have an extent of 193 acres, and form part of a very 
large tract of open country. The grounds have been laid 
out with roads, paths and terraces. 

The sanatorium consists of a group of buildings scattered 
across the turf and connected with paths. The largest is 
the administration building (fig. 4), which is a picturesque 
three -storey building with verandahs and round pointed 
roofs, and out-buildings attached in a long line beside it. 
This contains on the ground fioor the reception-room, 
library, dining-room, offices, drug-room, butler's pantry, 
kitchen, store-room and laundry. On the next fioor are the 
solarium, four emergency wards, laboratory, nurses' rooms, 
baths and closets, guest rooms and sleeping quarters for the 
resident stafi*. On the third fioor are servants' quarters 
and store rooms. Another building, the casino, is a two- 

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.•storey building with pointed roof and large open verandah 
devoted to amusement, and containing a billiard table, 
-piano, harmonium, etc. Two other cottages of two storeys 
»each accommodate respectively twenty-three and sixteen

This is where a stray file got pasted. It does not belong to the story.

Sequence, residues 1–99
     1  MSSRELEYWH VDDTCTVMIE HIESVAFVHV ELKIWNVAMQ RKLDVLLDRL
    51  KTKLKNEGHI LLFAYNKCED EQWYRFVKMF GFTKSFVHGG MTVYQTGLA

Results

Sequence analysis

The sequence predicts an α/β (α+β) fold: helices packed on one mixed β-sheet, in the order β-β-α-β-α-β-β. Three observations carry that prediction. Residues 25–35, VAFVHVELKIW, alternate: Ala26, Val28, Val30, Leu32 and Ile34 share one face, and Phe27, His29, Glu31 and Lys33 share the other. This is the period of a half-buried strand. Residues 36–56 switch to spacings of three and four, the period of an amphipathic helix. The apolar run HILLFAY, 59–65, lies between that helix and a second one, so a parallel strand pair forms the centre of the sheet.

patients. Five other one-storey cottages accommodate 
•eight, eight, four, four and five patients respectively. 
There are two other buildings, of which one accommodates 
:8even, the other ten patients. The buildings are mostly flat 
•on one side and rounded on the other with verandahs which 
are protected in winter by glass at the exposed ends, but 
remain open to the south (fig. 5). There are bathrooms and 
•closets in every cottage, averaging one to every four patients. 
Elach cottage has one or two parlours. The bedrooms aver- 
.age twelve by fourteen feet in size, some provided with 
•chimneys. Nearly all accommodate but one patient, eight 
Tiave beds for two a piece. Each building is heated by its 
•own hot water or steam pipe plant, and is lighted with 
I •electricity from a central dynamo. Ventilation is by open 
windows, through the steam heating level, and through 
I the open fireplaces. The temperature is not allowed to 
•exceed 65° F. by day and 40** by night in the winter 
, The walls and floors are capable of easy cleansing and 
•disinfection. The furnishing is comfortable but simple, 
^thout unnecessary hangings, and without fixed carpets. 
'The water supply is from two large springs which fill a 
ireservoir above the highest part of the sanatorium. The 
sewage is disposed of according to the Waring system. 
Trained nurses are kept in the sanatorium. There is also 
.a nurses' training school consisting at present of thirteen 
members who are given practical training every day, and 
lectures and recitations every four days. The superinten-